**Written by Doug Powers
Last spring while visiting Nevada Geothermal Power, Sen. Harry Reid said “this project is exactly the type of initiative we need to ensure Nevada creates good-paying jobs.” Notice Reid didn’t say the geothermal power company was exactly they type of initiative Nevada needed to create power.
From the New York Times:
In a remote desert spot in northern Nevada, there is a geothermal plant run by a politically connected clean energy start-up that has relied heavily on an Obama administration loan guarantee and is now facing financial turmoil.
The company is Nevada Geothermal Power, which like Solyndra, the now-famous California solar company, is struggling with debt after encountering problems at its only operating plant.
After a series of technical missteps that are draining Nevada Geothermal’s cash reserves, its own auditor concluded in a filing released last week that there was “significant doubt about the company’s ability to continue as a going concern.”
Don’t worry though — worst case scenario: It won’t cost as much as Solyndra:
The amount of money the federal government has at stake with Nevada Geothermal — a loan guarantee of $79 million plus at least $66 million in grants — is much smaller than the $528 million investment in Solyndra. There have been no allegations of wrongdoing by Nevada Geothermal or its Blue Mountain, Nev., plant.
When asked about the company’s viability, NGP’s CEO didn’t exactly ooze a Churchillian level of confidence and resolve:
Executives of the company express confidence that they can recover and say that the government investment is not at risk, despite the challenges they face because of a high debt load and lower-than-expected energy output at their plant.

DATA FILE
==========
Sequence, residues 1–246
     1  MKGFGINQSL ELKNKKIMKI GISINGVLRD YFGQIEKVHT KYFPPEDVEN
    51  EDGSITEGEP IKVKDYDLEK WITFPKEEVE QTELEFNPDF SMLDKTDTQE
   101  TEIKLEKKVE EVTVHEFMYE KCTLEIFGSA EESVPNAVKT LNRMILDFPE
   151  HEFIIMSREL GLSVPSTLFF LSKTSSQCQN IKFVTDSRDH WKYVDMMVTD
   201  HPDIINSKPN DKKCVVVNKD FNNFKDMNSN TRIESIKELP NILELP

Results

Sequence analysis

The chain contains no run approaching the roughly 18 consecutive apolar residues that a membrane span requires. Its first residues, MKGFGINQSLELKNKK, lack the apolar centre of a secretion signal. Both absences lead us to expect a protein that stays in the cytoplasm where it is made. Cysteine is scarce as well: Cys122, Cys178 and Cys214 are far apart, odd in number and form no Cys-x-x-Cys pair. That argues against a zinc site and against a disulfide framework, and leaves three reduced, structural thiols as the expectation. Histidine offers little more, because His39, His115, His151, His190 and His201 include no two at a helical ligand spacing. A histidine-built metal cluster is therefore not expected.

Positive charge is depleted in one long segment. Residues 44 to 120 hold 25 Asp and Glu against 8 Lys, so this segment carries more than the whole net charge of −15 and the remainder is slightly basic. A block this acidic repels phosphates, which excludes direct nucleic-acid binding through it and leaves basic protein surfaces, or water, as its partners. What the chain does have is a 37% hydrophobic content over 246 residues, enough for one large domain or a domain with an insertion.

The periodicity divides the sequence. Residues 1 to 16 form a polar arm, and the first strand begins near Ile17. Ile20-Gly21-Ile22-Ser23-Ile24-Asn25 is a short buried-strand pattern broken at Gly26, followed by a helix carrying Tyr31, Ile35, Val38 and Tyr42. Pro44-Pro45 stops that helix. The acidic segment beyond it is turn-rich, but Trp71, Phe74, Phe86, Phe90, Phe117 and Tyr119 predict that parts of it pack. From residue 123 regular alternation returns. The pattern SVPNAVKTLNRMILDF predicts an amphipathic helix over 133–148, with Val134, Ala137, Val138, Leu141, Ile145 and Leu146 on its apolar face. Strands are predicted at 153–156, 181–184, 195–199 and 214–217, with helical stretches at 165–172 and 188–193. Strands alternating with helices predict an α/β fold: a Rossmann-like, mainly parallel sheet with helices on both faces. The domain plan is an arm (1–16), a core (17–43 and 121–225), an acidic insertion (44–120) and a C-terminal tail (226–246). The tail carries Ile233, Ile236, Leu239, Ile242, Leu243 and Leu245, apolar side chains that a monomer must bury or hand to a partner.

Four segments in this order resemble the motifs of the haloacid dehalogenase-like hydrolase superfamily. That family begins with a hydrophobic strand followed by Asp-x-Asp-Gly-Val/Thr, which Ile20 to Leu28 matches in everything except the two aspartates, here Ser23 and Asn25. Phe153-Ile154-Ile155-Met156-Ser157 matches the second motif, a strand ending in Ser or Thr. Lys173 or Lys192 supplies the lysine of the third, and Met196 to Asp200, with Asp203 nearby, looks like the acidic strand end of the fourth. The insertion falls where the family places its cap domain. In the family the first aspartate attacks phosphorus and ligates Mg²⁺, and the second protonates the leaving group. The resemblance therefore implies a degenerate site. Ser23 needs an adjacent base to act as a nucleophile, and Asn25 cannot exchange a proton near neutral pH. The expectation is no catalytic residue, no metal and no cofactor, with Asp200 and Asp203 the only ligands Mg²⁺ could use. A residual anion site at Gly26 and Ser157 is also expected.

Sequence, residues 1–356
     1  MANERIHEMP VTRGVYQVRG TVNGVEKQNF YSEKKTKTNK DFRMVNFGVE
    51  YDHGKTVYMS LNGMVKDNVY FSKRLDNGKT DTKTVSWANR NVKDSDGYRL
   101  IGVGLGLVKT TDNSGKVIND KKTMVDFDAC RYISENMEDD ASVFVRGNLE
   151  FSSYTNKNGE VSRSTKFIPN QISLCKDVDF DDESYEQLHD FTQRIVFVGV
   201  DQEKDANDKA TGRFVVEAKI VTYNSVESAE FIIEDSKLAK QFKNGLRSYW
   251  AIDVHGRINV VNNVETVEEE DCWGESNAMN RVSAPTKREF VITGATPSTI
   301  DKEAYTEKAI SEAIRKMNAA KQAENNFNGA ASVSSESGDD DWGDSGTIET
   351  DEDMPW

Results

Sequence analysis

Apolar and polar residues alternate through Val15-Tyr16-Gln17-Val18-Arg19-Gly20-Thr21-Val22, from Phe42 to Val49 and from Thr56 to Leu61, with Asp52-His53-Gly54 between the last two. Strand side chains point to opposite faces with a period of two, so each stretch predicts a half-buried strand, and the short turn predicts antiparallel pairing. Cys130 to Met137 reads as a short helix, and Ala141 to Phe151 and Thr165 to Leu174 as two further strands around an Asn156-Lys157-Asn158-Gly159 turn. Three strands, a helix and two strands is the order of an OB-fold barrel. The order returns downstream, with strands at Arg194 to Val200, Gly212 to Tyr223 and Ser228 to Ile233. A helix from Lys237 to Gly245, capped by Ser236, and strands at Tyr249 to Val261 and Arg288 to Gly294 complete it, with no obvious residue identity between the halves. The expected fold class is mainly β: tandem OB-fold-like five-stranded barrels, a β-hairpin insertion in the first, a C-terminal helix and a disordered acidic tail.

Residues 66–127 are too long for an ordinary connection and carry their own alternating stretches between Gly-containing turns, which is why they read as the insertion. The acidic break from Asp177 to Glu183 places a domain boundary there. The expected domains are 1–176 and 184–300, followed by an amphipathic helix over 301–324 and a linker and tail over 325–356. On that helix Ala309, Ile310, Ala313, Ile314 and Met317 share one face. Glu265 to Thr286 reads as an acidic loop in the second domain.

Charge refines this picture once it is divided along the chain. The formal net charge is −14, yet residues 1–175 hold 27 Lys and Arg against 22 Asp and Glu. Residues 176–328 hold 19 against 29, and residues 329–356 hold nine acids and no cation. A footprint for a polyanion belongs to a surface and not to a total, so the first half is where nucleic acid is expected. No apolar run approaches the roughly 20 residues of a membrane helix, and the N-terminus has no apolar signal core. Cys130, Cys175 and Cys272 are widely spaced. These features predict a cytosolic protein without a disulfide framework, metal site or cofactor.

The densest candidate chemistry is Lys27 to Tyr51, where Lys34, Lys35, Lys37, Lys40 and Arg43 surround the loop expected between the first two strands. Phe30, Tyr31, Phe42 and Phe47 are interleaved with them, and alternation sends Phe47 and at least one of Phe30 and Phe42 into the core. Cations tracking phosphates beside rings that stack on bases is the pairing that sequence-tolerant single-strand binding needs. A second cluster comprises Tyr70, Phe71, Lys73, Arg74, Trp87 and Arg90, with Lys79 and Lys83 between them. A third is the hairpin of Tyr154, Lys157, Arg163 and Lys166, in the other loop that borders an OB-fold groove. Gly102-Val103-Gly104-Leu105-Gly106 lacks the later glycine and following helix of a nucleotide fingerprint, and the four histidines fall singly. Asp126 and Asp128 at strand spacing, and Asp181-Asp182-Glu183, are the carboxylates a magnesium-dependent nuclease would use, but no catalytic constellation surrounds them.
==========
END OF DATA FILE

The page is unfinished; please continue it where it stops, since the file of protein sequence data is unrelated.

“We are here,” said Brian D. Fairbank, the chief executive, who like other company executives works out of Vancouver, British Columbia, where Nevada Geothermal Power has corporate offices. “We’re doing O.K.”
The market doesn’t seem to agree.
But at least none of those troubles will surprise the administration:
Obama administration officials knew about most of these difficulties before the Energy Department agreed in September 2010 to partly guarantee a second major loan to Nevada Geothermal, worth $98.5 million.
Nevada Geothermal executives, meanwhile, are working to renegotiate their $91 million, high-interest loan to avoid a default, which could come as soon as December.
Harry Reid’s pitch for the loan was of course all about Joe Biden’s favorite three-letter word: “jobs.” According the Dept. of Energy’s website, the project has “saved or created” 14 permanent jobs, and even those now sound as if they’re at risk.
The government’s “green jobs” initiative will likely go down in history as the world’s most expensive temp agency.
**Written by Doug Powers
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